In the world of retail, Walmart is a behemoth. Few big box stores can rival its buying power, or its horrifying impact on the environment, local economies, and worker’s rights. On the flip side, however, when a giant like Walmart decides to make a positive change, ripple effects can be felt around the world.
Facing lots of pressure and negative publicity, Walmart is making an effort to clean up its act. Just last week, the company held its Global Sustainability Milestone Meeting, and highlighted progress made with the Sustainability Index, a measurement system used to track the environmental impact of its products. To date, the Index has been applied across 200 product categories, and to more than 1,000 suppliers. By the end of this year, Walmart expects the Index will expand to include more than 300 product categories and as many as 5,000 suppliers.
During its recent Milestone Meeting, the company also outlined key initiatives where it can use its size and scale to help address “hot spots” and accelerate progress in supply chain sustainability. Although it doesn’t change the fact that Walmart peddles low quality goods and fails to pay employees a living wage, the sheer amount of waste generated by a company of its size means that any improvements are worth noting.
Moving forward, the company is focused on the following five initiatives:
1. Increasing the Use of Recycled Materials – The company is working with cities to increase plastic recycling and with suppliers to increase the use of recycled content and make packaging more recyclable. Earlier this week, Walmart and Sam’s Club also announced a smartphone trade-in program in the U.S. that goes into effect on Sept. 21. The company says it will not send these trade-ins to landfills, domestically or internationally, potentially saving hundreds of thousands of smartphones from landfills annually.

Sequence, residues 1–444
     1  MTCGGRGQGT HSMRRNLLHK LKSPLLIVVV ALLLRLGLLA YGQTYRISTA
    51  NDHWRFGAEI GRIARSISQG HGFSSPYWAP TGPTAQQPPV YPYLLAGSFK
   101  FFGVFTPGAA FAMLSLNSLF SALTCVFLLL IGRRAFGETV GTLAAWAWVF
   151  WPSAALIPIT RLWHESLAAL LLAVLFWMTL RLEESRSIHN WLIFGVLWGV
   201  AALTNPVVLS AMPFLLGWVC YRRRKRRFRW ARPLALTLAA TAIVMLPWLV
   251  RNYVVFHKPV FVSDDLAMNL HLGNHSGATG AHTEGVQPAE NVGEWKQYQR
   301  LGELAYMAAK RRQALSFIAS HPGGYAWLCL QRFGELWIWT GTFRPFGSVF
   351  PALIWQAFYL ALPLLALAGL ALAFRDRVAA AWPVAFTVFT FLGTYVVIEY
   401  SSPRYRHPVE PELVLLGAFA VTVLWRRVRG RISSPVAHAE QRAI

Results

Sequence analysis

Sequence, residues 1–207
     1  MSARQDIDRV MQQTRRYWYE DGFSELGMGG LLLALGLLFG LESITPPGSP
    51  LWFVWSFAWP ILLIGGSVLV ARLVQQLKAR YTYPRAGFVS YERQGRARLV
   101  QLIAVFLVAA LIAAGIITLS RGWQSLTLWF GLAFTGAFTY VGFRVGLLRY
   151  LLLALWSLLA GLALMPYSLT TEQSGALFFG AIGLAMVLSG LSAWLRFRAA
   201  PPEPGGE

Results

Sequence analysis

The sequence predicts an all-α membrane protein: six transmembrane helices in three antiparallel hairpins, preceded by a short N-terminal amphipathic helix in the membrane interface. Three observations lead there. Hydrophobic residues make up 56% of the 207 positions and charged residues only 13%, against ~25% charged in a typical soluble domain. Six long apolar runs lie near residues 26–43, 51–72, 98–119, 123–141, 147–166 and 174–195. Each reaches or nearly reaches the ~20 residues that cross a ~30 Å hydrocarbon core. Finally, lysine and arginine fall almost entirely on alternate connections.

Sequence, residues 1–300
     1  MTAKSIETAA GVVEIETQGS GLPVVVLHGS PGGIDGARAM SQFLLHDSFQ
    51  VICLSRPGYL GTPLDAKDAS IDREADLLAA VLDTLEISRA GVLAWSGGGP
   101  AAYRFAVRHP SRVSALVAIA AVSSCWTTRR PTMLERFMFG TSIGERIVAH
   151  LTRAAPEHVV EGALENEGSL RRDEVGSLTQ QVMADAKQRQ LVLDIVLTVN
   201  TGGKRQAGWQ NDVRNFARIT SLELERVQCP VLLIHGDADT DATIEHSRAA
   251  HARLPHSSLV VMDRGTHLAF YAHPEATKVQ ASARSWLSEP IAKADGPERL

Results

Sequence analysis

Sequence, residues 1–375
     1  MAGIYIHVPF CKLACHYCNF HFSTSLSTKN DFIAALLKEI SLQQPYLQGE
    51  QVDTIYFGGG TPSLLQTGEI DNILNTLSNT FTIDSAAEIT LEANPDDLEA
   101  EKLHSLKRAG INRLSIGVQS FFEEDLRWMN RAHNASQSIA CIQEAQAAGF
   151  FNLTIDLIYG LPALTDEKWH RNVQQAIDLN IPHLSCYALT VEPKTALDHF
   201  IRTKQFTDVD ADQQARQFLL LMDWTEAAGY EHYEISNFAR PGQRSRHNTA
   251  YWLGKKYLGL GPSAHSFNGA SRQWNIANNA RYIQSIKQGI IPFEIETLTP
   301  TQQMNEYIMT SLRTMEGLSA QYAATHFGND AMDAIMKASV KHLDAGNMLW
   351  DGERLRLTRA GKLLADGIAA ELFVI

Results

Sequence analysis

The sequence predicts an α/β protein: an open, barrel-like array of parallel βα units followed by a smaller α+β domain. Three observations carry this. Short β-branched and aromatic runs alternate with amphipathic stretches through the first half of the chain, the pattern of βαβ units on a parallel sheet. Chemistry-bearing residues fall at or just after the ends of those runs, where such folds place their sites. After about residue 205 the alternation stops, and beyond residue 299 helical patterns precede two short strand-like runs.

2. Offering Products with Greener Chemicals – With the debut of its Consumables Chemicals initiative, Walmart aims to reduce or eliminate the use of priority chemicals (aka the really dangerous ones) used in consumables products in favor of greener alternatives. In addition, starting in Jan. 2014, Walmart says it will begin to label its private brand cleaning products in accordance with the U.S. Environmental Protection Agency’s recommended Design for the Environment (DfE) Safer Product Labeling program.
3. Reducing Fertilizer Use in Agriculture – Walmart requires suppliers who use commodity grains, such as corn, wheat and soy in their products, to develop a fertilizer optimization plan that outlines clear goals to improve performance based on Index research. Through this program, the company and its suppliers hope to reduce fertilizer use on 14 million acres of farmland in the U.S. by 2020.
4. Expanding the Sustainability Index to International Markets – Walmart Chile and Walmart Mexico will launch the Index in their respective markets in 2014. In addition, South Africa’s Massmart has begun to include key Index questions in its supplier sustainability surveys.
5. Improving Energy Efficiency – By working with suppliers to improve energy efficiency through the supply chain of these products, Walmart says Index energy scores have already improved 23 percent in general merchandise categories. The company now provides tools for suppliers to track and reduce the energy used to produce certain products. The company also announced a light-emitting diode (LED) lightbulb available in stores now under its Great Value label for under $9.
All of these things sound like great ideas, but of course, Walmart still has a long, long way to go before anyone can be fooled into thinking it’s a sustainable company. We look forward to following up on these initiatives in the future to see if they’ve really had the predicted impact.